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    Quote Originally Posted by Redbeard View Post
    Agreed. But when it doesn't work, the end user doesn't usually have the tools to find out why. All they know is that their $150 PSU doesn't work with their old $70 motherboard or their $50 PSU doesn't work with their new $300 motherboard or whatever.
    Worse is when a $300 psu doesn't work with a $400+ mobo. Talk about a sad customer, and because of the price they paid for such elite hardware they are in denial about what could be the cause.
    Corsair 650D
    Corsair HX620
    Q9550 @ 3.825GHz
    Maximus II Formula
    DDR2 Mushkin Ascents @ 1080MHz
    WD 1TB Caviar Black x 2 (RAID1)
    OCZ 120GB Vertex2 SSD
    EVGA GTX285
    Samsung T240

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    Quote Originally Posted by Redbeard View Post
    Agreed. But when it doesn't work, the end user doesn't usually have the tools to find out why. All they know is that their $150 PSU doesn't work with their old $70 motherboard or their $50 PSU doesn't work with their new $300 motherboard or whatever.
    Indeed. It is a bit frustrating for the end user. However, in my view, the onus ought to be on the MB manufacturer to rectify the situation. But that rarely happens and if it does, the end user is usually stuck with beta hardware while the MB Mfg comes out with a ver2.00.

    It gets worse when you have a jerk or two handling customer support (DFI street).
    Software readings are crap.

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    Quote Originally Posted by Redbeard View Post
    The problem is that the specifications (ATX) don't change as often as the hardware does. Most of the time this is fine, but sometimes putting OCP/OVP on a PSU can break compatibility, for example.

    Our HX520 and HX620 PSUs don't work with a Foxconn nForce4 board. Why? Turns out that the +5Vsb on the motherboard spiked momentarily to 6A or something during boot, just for a fraction of a second. Since that was over the +5Vsb load on the PSU, any PSU with OCP on the +5Vsb rail would have turned off, and ours did.

    But guys with cheapo $30 PSUs could run that board just fine.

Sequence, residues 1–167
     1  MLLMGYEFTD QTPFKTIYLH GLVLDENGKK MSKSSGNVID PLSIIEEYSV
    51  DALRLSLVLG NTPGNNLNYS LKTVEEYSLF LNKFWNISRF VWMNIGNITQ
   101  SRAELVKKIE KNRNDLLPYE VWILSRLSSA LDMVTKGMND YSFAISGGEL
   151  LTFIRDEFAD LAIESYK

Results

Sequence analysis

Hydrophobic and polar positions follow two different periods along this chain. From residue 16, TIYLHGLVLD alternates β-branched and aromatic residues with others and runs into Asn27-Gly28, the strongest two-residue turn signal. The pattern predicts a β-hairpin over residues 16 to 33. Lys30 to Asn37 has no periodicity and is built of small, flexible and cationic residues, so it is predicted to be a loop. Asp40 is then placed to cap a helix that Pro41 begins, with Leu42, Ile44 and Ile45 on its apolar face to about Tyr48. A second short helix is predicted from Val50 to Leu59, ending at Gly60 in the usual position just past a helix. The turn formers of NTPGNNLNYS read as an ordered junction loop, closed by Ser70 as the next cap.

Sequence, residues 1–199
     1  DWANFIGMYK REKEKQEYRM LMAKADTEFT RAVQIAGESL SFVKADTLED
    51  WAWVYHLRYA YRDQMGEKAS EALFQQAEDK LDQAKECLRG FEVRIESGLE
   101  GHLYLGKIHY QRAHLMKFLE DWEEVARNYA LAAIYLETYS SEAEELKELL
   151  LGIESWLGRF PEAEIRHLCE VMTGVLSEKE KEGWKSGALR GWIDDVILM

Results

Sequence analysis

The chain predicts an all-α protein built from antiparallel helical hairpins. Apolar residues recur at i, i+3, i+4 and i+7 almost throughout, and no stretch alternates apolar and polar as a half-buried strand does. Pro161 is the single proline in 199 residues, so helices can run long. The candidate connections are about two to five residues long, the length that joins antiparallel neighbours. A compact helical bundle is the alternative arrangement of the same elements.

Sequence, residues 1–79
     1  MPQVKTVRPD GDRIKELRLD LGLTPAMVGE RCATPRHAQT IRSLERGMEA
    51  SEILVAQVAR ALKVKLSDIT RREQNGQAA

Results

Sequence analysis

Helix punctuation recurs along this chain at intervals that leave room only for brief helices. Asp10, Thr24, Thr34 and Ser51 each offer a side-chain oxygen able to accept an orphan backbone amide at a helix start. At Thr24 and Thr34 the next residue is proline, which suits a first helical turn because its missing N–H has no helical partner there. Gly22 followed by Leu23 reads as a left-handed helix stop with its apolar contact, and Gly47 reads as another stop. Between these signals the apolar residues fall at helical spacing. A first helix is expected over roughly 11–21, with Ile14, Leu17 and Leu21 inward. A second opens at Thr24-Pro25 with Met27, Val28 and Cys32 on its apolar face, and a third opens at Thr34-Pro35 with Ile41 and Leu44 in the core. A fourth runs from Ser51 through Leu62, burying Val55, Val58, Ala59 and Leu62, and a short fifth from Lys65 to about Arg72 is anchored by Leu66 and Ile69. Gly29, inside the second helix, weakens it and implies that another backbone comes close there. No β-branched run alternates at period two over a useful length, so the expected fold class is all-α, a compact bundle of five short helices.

Kind of tough to explain that to a guy who just spent $150 on a PSU.
    It is almost impossible to explain. I finally figured out that the ONLY way to protect yourself is to insist that your client's are given as few options as possible, especially on things like PSU & RAM that cannot bee seen. By insisting that that the clients go with "proven solutions" and "known good" components, in "proven configurations" we can greatly reduce, but never eliminate, these problems.
    Yes. One of the last commincations I had with Dave Hammock before he disappeared from the web was how a major brand single +12V rail PSU wasn't shutting down when shorted. We were literally arc welding with the PSU. Hopefully Dave's absense isn't due to the fact that he got over zealous with the welding.
    JonnyGURU Posted 4-1-08

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    Quote Originally Posted by davidhammock200 View Post
    It is almost impossible to explain. I finally figured out that the ONLY way to protect yourself is to insist that your client's are given as few options as possible, especially on things like PSU & RAM that cannot bee seen. By insisting that that the clients go with "proven solutions" and "known good" components, in "proven configurations" we can greatly reduce, but never eliminate, these problems.

    This is how system integrators typically work. Guys like Puget, Alienware, Dell, etc. Their brand is at stake, so they only sell stuff that they validate.